I’ve seen what I needed to see and I’ve heard what I needed to hear and y’all, I’m bout sick of it! If I encounter one more school building where students have bubbles in their mouths and hands behind their backs or they are being punished for being “too loud” in the hallways during passing periods or talking in the cafeteria during lunch, I’m going to flip my wig! Well, that’s actually impossible because I have #sisterlocks but you guys get the point. I’m going to lose it! 

I don’t know about y’all but my social life was developed AT SCHOOL. I remember the days that I couldn’t wait to get to school and catch up on the latest gossip, talk about our favorite shows, or B2Ks latest song. Let’s be honest, I went to school to socialize and if I couldn’t do that at school, then I was chunking the deuces and going to find where my friends were at. 

Being at school and with my friends brought me joy. I couldn’t wait for the sun to rise so I could throw on a cute outfit, grab my backpack, and head to the bus stop where the day officially got started. Going to school meant that I was going to be in a community of like-minded individuals that understood who I really was, loved me for me, and that I had a space to escape the darkness that surrounded my whole life. 

(I can feel the California sun beaming down my neck on the playground as I write)

It breaks my heart to see the joy of having a social life being stripped away from students in schools–especially after years of being so disconnected. During shut-downs, there was so much talk about reimagining education and soon as the school doors open, survival mode took over and “be quiet and do your work on *fill in blank with your learning management system*. I know safety protocols disrupted much of students’ ability to have a normal social life when they returned to school but we must remember that one of the many reasons why students were so eager to “return to normal” is because school is where the heart of their social life existed. 

Having a social life is a primary food that nourishes our body and fuels our soul. Our social life keeps us in connection and community with others and fills us up with one of the most important vitamins out there–Vitamin L (for LOVE). When we are not provided with the space or opportunity to have fulfilling social life, many of us are existing out of our norm–especially students who come from a culture rooted in collectivism. 

This may not be your situation, but one of the biggest issues that I see when it comes to allowing students to have authentic social interactions/social lives in schools, is this fear that they will “get out of hand” or this archaic belief that the school building is not a place for “socializing” but for “learning”. But here’s the cook…if students don’t want to be in your school or they feel out of community, learning will not happen in a manner that will have a lasting impact on students and things will eventually get out of control. Why? Because your school building comes off more like prison than a place of freedom and AIN’T NOBODY GOT TIME FOR THAT.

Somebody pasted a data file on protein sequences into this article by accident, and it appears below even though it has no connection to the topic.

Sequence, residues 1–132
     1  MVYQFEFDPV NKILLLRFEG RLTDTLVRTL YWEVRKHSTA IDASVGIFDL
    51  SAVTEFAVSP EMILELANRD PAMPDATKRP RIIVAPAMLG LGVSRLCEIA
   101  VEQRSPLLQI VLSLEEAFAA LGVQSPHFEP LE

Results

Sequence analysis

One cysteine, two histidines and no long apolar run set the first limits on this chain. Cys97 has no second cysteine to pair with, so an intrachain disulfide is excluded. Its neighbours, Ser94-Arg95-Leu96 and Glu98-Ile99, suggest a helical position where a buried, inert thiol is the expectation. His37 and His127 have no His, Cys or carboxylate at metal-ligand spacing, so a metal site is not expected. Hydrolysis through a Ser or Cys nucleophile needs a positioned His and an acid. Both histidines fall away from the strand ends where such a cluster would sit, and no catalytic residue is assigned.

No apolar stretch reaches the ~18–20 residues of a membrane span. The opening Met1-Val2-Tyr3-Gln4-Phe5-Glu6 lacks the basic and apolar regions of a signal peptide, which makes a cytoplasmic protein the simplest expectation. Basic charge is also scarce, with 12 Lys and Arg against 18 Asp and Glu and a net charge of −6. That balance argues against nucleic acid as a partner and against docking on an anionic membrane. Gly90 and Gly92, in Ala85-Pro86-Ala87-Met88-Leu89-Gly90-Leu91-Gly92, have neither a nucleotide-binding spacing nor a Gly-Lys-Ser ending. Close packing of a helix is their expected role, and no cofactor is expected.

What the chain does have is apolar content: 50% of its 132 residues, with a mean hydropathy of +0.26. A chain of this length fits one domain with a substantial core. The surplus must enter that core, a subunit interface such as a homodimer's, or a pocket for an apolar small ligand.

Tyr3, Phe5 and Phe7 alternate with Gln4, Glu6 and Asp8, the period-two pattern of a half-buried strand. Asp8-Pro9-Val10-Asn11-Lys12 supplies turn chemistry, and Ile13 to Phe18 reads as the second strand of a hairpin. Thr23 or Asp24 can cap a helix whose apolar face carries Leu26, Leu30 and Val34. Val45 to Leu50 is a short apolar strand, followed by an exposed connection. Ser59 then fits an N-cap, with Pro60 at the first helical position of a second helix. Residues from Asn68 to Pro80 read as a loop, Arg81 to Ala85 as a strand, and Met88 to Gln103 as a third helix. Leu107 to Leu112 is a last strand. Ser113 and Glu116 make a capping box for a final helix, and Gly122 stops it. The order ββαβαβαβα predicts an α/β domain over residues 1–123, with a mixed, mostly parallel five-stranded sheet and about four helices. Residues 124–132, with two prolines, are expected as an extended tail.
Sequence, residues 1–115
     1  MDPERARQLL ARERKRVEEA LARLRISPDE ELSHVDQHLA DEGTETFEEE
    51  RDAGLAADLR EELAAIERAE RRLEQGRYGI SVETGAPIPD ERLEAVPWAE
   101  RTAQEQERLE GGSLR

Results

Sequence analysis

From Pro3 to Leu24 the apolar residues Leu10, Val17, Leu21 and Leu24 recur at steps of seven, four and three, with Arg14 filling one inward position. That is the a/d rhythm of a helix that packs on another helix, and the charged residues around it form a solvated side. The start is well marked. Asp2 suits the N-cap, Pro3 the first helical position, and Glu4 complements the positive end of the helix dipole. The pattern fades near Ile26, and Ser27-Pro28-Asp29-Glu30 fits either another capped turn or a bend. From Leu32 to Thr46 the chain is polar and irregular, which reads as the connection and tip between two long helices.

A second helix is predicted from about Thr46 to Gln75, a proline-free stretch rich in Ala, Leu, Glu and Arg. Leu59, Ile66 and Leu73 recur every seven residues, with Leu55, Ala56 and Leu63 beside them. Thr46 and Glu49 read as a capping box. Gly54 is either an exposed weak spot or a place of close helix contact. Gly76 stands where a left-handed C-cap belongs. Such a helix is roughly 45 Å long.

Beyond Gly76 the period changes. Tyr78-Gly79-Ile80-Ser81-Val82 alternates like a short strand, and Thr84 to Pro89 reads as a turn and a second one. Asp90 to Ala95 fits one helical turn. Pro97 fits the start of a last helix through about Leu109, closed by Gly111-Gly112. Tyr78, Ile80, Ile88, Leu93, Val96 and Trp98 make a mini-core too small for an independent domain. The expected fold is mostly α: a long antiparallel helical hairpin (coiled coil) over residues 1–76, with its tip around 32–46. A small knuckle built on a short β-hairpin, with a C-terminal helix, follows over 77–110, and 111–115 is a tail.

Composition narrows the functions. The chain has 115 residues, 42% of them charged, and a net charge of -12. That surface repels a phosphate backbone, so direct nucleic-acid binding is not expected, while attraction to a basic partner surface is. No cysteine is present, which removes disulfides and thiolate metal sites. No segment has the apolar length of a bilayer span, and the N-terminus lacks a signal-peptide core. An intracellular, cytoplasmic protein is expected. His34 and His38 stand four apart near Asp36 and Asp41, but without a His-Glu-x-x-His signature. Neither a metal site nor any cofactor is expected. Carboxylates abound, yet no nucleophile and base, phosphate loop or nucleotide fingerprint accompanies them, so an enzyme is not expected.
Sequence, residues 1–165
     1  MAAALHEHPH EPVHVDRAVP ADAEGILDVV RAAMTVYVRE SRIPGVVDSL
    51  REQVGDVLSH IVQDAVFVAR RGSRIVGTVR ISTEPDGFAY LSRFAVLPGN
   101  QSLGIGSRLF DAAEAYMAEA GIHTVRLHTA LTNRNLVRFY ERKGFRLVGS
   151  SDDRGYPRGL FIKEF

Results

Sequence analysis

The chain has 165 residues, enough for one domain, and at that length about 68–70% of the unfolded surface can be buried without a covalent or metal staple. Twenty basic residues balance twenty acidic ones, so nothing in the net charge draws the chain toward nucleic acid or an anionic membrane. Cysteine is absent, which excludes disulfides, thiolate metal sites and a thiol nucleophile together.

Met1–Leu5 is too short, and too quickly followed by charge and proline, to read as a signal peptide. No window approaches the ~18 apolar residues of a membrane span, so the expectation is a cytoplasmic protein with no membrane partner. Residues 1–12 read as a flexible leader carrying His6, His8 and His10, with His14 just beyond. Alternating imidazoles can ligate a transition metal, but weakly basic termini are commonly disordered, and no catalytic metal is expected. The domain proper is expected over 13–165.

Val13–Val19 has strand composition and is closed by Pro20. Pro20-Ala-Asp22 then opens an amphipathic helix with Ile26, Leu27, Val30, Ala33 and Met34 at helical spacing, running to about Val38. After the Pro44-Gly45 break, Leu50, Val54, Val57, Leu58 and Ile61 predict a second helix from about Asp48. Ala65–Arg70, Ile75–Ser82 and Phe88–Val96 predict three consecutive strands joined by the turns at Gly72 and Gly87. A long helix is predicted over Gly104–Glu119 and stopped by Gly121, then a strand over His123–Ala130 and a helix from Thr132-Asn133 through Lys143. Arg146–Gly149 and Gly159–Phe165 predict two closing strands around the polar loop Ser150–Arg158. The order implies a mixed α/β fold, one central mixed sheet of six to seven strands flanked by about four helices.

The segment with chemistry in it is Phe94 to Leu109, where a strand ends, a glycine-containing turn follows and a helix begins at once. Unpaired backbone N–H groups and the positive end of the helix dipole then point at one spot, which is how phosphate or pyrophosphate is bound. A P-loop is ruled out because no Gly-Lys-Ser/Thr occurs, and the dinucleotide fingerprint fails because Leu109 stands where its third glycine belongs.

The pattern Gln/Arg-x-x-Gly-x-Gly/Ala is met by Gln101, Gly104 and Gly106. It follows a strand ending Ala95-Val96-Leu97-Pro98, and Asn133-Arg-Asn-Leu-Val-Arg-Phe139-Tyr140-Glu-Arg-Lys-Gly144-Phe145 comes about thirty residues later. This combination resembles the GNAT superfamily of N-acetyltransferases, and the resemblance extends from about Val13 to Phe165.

What if I told you learning will still happen in an engaging and authentic manner when you create space for students to be social? You do this by intentionally connecting your instruction to what is relevant and important to them. If that’s the latest TikTok trend, cool! If it’s a beef popping off in the music industry…let’s roll with it? If they want to talk about what happened on the block over the weekend or who did what at the park, let’s go for it! Everything happening in your students’ social lives can be connected back to a lesson in your classroom. But, this is going to require you to step outside your comfort zones, create space for students to just be, and some creativity from you as the facilitator of learning. 

Don’t know where to start, no problem…I got you. Here are THREE questions you can ask your students TODAY and begin to connect their social lives to your instruction.

1) If you had to reteach a concept or skills using an audio clip from TikTok or IG, what would you teach and what voice over would you use? Why?

2)  Did you see, do, or hear anything in the last week that reminded you about something we learned in class?

3) If you could invite any family member, friend, or person from your community to our school to teach us something that relates to ___________________ who would that person be, what would they teach, and why did you select them?

Remember, we were created to exist in connection and community with others and schools and classrooms, for many youth are where their social lives begin. Our social lives allow us to experience joy on a whole new level and get the vitamin L we need to nourish our souls. Creating a space where students’ lives outside of school matter just as much as their lives when they are inside our schools is what being culturally relevant and responsive is all about. These types of spaces will allow students to show up as their true authentic selves and witness their learning being connected to who they really are and not what we want them to be. It’s time we twist things up a lotta bit. 

I can’t wait to see how these three questions transform your instruction and let me know on Twitter (@twstedteaching) how your instruction became more relevant by connecting it to students’ social lives. 

Until next week…

Be blessed!